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Send a Cow: Fighting the monoculture madness

Twenty years ago, frustrated by the assertion that 'organic is all very well for the rich, but it will never feed the world', I took a two-month sabbatical to Sub-Saharan Africa to see for myself. I visited one-acre subsistence farms, where 70 per cent of the food grown was consumed by the family, and large-scale export farms, one of which had its own fleet of DC-10s flying beans, mangetout and flowers back to Europe.

Mostly it was a depressing catalogue of deforestation, corruption, charity dependence and pesticide poisoning; the best land and water were used to grow for export, while climate change and conflict increased food insecurity at home.

I struggled to find encouragement, until my Ugandan friend Timothy Njakasi took me on the back of his motorbike to what turned out to be the most inspiring and hope-giving farm I have ever seen. Two acres of forest garden fed a family, two cows, several pigs and chickens, while providing a good surplus for sale, timber and fuel, without the ecological devastation that is modern agriculture.

Send a Cow Push Pull
The new Send a Cow project will train farmers in pest management without pesticides. 

With no monocultures (large areas of one crop) and almost no bare ground, it was like a more open version of the surrounding forest. In multi-layered cropping, mature forest trees covered a second canopy of jackfruit, banana and papaya, over coffee, cacao and vanilla, with small areas of annual (needing replanting every year) veg on the ground.

There were no artificial pesticides or fertilisers, and very little of the back-breaking cultivation needed to sow and maintain monocultures of annual crops. Through his knowledge of the subtle interactions of plants, soil and animals, Timothy’s farm was many times more productive, with less work, while creating biodiversity and fighting climate change.  

Ever since, we have supported this sort of farming: first by helping Timothy’s farm become the Kasenge-Riverford Organic Training Centre, and then through the charity Send a Cow, which trains families in sustainable farming. Our next three-year Send a Cow project will support 'Push-Pull': a technique to grow naturally pest-repellent plants alongside maize, to combat the pests that are reducing maize yields by up to 80 per cent.

I will be participating in an online discussion about Push-Pull with Send a Cow on Wednesday 4 Nov at 6pm, via Zoom; if you’re interested in watching, you can book your free place at or call 01225 874 222.



1 Year 7 Months

There is a very good booklet available at "Feed the world" Jeremy Rifkin explains all the issues and why "meat makes the rich ill and the poor hungry".

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1 Year 7 Months

I visited Mali two years ago and having been a customer of Riverford and now a member of an organic co operative in Spain I was interested to investigate rural farming on my way through the Sahara,Mauritania and Mali itself. I make jam and am looking to set up a small production plant. I was really impressed by the quality of the produce in West Sub Saharan Africa and have made contact with a female entrepreneur and we are considering setting up a women's co operative. They have arabic roots and use animal manure to fertilise. Along with the river cycles the farming is natural and so verdant and productive. The main problem here is creeping jihadism and the danger of fighting in certain areas. However on the main peaceful! I need to investigate pest control however. The livestock are camels, sheep and goats and again all naturally pastured. Watching them drink at the oases wells in turn is incredible.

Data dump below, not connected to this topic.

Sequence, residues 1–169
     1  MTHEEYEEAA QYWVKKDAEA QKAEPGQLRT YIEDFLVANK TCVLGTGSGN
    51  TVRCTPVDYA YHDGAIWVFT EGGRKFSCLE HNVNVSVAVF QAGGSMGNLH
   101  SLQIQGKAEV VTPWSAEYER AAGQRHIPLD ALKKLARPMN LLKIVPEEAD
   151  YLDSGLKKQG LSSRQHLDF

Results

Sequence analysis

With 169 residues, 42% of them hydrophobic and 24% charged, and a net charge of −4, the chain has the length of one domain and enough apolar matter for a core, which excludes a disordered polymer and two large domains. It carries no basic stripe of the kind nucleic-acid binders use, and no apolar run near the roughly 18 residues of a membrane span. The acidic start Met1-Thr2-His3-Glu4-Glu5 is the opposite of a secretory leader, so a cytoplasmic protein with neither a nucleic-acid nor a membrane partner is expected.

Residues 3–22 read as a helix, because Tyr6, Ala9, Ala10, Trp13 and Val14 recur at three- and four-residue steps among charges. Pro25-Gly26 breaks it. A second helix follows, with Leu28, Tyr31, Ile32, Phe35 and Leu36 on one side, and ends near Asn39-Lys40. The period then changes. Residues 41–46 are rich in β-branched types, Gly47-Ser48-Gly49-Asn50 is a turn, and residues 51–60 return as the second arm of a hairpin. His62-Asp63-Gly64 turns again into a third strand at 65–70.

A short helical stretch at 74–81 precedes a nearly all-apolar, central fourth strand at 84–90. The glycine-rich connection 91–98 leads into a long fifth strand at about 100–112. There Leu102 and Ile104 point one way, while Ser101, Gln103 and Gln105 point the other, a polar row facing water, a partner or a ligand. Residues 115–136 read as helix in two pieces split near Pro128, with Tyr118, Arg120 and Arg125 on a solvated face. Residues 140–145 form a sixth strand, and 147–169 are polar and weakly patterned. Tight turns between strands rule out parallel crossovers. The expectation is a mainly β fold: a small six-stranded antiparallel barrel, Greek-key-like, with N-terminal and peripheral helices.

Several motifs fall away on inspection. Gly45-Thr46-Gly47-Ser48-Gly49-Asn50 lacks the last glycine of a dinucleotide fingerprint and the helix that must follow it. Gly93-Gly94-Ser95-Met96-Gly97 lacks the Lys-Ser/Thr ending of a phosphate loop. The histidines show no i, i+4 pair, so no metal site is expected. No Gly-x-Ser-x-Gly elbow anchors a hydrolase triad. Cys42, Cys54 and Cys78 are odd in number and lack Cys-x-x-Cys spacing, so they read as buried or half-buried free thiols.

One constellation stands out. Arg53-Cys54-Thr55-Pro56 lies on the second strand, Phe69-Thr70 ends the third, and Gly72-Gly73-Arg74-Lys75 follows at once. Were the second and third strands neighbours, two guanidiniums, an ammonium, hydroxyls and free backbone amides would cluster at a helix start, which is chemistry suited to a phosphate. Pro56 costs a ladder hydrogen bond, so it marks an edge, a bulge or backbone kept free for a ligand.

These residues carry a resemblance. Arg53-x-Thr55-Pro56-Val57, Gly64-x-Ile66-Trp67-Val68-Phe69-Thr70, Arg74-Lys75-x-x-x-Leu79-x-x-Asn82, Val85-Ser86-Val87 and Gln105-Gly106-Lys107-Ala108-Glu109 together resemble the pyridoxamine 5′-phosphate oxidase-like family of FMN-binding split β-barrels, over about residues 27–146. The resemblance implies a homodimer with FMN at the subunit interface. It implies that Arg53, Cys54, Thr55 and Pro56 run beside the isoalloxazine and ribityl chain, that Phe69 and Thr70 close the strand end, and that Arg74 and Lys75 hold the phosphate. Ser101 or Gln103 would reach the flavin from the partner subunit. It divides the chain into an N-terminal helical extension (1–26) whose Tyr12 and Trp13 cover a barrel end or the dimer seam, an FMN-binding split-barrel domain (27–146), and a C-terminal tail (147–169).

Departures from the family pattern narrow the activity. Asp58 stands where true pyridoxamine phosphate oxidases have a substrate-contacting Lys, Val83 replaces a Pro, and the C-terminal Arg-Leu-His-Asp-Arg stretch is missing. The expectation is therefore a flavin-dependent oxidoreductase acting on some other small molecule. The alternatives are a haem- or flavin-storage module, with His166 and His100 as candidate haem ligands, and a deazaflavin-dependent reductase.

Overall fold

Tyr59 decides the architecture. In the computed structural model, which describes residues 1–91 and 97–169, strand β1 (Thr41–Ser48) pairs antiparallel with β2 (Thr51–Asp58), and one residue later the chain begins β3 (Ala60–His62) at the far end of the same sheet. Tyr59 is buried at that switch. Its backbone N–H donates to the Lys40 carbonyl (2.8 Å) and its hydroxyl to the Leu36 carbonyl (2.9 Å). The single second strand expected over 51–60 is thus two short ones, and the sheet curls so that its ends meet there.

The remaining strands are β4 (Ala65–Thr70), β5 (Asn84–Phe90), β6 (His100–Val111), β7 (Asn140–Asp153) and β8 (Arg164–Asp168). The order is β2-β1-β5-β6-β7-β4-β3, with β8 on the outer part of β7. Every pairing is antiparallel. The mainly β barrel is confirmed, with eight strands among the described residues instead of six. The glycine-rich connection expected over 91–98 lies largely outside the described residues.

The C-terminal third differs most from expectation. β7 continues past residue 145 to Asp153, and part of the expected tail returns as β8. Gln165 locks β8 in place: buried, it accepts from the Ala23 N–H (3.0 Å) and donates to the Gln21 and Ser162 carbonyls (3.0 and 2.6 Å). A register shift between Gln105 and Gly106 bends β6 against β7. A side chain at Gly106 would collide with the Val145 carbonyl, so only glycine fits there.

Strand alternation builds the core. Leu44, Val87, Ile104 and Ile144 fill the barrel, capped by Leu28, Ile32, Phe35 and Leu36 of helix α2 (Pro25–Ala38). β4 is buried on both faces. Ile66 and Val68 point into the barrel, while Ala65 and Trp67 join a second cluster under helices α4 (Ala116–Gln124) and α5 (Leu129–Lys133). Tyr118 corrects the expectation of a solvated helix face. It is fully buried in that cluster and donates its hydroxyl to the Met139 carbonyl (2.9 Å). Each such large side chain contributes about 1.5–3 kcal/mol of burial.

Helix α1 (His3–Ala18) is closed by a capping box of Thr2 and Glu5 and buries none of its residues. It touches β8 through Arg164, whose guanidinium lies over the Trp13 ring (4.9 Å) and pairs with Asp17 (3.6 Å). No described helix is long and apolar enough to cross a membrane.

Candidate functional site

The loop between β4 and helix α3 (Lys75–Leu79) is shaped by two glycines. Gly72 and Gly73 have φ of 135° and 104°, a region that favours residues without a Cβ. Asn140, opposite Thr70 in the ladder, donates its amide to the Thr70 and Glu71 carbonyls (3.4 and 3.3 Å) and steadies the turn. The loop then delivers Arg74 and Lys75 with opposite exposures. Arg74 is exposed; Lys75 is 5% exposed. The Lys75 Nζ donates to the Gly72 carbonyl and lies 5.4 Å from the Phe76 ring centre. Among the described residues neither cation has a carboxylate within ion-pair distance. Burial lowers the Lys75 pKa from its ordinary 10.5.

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Clare Pargeter

1 Year 6 Months

Really good to hear about Send a Cow's new PushPull project. Having spent most of my life working in the voluntary sector, I don't hesitate in rating Send a Cow as the single most positive, effective and enjoyable charity I worked for. Not a penny of the money raised goes to waste.
Thousands of families in SubSharan Africa have been lifted out of poverty through being trained in sustainable farming. And their ethos of 'Passing on the Gift' ensures that for every one farmer who is given direct help, a further ten benefit.

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1 Year 6 Months

Thank you! We were also so impressed with that ethos, the way skills are shared and communities support each other to grow and thrive with the help of Send A Cow.

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Guy Singh-Watson

Guy Singh-Watson has over the last 30 years taken Riverford from one man and a wheelbarrow delivering homegrown organic veg to friends, to a national veg box scheme delivering to around 80,000 customers a week. Tired of meetings, brands and the assumption that greed is our predominant motivation, Guy converted the business to employee ownership in 2018, using the proceeds to buy a small farm and return to growing organic vegetables. In common with many of Riverford’s new co-owners, Guy is an advocate of using business to shape a part of the world, however small, to be kinder, more considerate and sustainable; more like the world most of us want to live in.  His weekly newsletters connect people to the farm with refreshingly honest accounts of the trials and tribulations of producing organic food, and the occasional rant about farming, ethical and business issues he feels strongly about.

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The twin crises of climate change and biodiversity losses will be the defining stories of our future, but it is not too late to change direction. 

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